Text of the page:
"I think they’re going to get there. I would stake a claim that in 5 years from now, it will be super rare to use impression material,” Dr Dickinson says. “You will always keep it in the office because you don’t want to get caught without it when you need it, but you are going to throw it away and reorder it every year because you won’t use it all before it expires.”

By contrast, Dr Flucke says he already rarely takes traditional impressions. “Sometimes, if we are really busy and someone needs bleaching trays. Other than that, though, it’s pretty uncommon,” Dr Flucke says.

Having both iTero and Trios intraoral scanners in his offices, Dr Dickinson says the future of taking impressions is digital. Moreover, he thinks general dentists without scanning capabilities should invest in one for the office. Having the hardware is essential because he sees that the upgrade will be in the software. “I don’t like to be the first guy on the block to buy the new technology, because I want to see [whether] it works. This really works,” Dr Dickinson says. “If you are a general dentist and are not nearing retirement, this equipment should be in your office.”

References

  1. Schmidt A, Schlenz MA, Liu H, Kämpe HS, Wöstmann B. The influence of hard- and software improvement of intraoral scanners on the implant transfer accuracy from 2012 to 2021: an in vitro study. Appl Sci. 2021;11(15):7166. doi:10.3390/app11157166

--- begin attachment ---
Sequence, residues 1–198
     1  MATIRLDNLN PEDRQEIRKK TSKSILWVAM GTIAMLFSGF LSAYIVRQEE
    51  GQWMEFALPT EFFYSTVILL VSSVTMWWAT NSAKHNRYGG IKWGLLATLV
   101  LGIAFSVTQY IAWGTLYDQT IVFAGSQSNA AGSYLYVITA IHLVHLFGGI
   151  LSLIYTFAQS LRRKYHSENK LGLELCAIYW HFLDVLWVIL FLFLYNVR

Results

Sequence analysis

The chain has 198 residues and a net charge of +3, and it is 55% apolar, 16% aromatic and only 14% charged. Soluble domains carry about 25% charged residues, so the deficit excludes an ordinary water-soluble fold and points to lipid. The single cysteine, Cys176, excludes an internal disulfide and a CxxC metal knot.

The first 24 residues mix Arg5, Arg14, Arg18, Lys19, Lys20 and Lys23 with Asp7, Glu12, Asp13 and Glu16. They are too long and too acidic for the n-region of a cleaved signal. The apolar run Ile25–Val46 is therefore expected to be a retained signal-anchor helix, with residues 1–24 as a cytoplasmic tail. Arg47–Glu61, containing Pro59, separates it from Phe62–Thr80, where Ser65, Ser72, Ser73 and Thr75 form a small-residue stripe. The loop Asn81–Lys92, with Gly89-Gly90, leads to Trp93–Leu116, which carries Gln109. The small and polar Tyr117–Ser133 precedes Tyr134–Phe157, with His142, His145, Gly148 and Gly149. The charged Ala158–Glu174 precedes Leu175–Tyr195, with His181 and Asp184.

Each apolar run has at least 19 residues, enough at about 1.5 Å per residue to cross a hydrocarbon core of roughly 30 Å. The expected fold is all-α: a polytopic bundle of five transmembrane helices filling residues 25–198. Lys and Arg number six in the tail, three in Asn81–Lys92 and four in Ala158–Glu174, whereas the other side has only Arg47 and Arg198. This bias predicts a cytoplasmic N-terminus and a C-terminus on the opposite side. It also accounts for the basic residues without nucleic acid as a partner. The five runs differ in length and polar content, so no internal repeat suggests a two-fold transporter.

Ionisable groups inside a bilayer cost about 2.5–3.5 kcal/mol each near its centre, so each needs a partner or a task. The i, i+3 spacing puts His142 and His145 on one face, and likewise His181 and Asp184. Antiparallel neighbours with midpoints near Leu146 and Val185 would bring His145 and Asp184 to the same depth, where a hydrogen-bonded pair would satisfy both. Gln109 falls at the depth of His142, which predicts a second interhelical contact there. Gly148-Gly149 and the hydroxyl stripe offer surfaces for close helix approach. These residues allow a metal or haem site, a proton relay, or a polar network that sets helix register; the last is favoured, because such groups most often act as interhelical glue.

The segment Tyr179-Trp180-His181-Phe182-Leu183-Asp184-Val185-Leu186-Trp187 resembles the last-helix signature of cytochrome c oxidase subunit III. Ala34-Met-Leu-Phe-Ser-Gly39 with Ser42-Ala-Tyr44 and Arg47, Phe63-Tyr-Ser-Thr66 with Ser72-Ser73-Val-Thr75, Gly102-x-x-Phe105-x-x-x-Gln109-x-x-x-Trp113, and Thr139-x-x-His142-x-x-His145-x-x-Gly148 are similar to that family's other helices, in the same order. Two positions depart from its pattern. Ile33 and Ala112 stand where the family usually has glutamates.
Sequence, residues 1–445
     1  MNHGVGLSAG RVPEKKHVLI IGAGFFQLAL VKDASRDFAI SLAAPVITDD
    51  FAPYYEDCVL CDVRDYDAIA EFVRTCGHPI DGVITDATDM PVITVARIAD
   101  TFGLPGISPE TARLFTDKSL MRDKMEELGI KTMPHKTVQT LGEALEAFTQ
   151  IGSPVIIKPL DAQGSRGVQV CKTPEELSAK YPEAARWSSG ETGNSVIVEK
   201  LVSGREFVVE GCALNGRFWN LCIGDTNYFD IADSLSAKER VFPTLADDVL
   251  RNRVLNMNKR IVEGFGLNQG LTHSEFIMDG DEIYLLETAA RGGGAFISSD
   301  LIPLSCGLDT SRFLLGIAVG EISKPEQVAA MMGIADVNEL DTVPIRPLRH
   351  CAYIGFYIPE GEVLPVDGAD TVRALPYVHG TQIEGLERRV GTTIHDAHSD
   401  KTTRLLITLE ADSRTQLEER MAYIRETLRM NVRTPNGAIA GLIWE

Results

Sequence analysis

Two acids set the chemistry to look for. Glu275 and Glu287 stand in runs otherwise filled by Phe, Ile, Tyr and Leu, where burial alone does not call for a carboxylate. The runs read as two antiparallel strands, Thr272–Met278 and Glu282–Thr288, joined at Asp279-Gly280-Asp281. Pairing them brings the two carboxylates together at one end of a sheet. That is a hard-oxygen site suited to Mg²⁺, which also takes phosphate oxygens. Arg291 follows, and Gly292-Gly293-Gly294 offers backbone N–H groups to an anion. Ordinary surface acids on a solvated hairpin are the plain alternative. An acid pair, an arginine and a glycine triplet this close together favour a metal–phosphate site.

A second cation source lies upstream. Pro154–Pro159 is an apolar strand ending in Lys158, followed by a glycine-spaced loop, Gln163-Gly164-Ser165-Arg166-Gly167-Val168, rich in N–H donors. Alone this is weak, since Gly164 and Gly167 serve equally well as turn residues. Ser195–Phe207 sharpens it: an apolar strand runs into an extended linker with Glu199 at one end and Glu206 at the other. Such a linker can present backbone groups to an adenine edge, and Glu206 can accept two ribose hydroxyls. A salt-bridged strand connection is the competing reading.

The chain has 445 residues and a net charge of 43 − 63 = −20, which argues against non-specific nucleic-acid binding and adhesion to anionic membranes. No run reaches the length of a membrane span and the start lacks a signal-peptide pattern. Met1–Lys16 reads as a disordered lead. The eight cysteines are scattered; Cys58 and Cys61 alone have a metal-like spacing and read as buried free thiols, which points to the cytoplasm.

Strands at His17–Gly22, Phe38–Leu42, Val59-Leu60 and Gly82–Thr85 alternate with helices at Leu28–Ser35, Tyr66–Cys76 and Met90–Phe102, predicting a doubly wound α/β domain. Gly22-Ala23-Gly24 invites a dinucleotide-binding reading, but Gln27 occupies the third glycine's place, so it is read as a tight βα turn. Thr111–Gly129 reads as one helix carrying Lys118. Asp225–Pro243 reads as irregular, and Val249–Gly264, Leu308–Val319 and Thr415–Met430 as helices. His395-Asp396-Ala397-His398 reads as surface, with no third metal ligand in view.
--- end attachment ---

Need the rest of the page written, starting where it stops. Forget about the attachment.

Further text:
2. Versaci MB. ACE Panel report finds about half of dentists use intraoral scanners. American Dental Association. September 21, 2021. Accessed March 28, 2023. https://www.ada.org/publications/ada-news/2021/september/ace-panel-report-finds-about-half-of-dentists-use-intraoral-scanners
  3. Versaci MB. Digital dentistry: what to know about a few popular technologies. American Dental Association. June 10, 2022. Accessed March 28, 2023. https://www.ada.org/publications/ada-news/2022/june/digital-dentistry-what-to-know-about-a-few-popular-technologies
  4. Joda T, Lenherr P, Dedem P, Kovaltschuk I, Bragger U, Zitzmann NU. Time efficiency, difficulty, and operator’s preference comparing digital and conventional implant impressions: a randomized controlled trial. Clin Oral Implants Res. 2017;28(10):1318-1323. doi:10.1111/clr.12982
  5. Ahlholm P, Sipilä K, Vallittu P, Jakonen M, Kotiranta U. Digital versus conventional impressions in fixed prosthodontics: a review. J Prosthodont. 2018;27(1):35-41. doi:10.1111/jopr.12527
  6. Punj A, Fisselier F. Digital dentistry for complete dentures: a review of digital dentistry versus conventional approaches to complete dentures. Decisions in Dentistry. September 2020. Accessed March 31, 2023. https://www.researchgate.net/publication/344179328_DIGITAL_DENTISTRY_FOR_COMPLETE_DENTURES_A_REVIEW_OF_DIGITAL_DENTISTRY_VERSUS_CONVENTIONAL_APPROACHES_TO_COMPLETE_DENTURES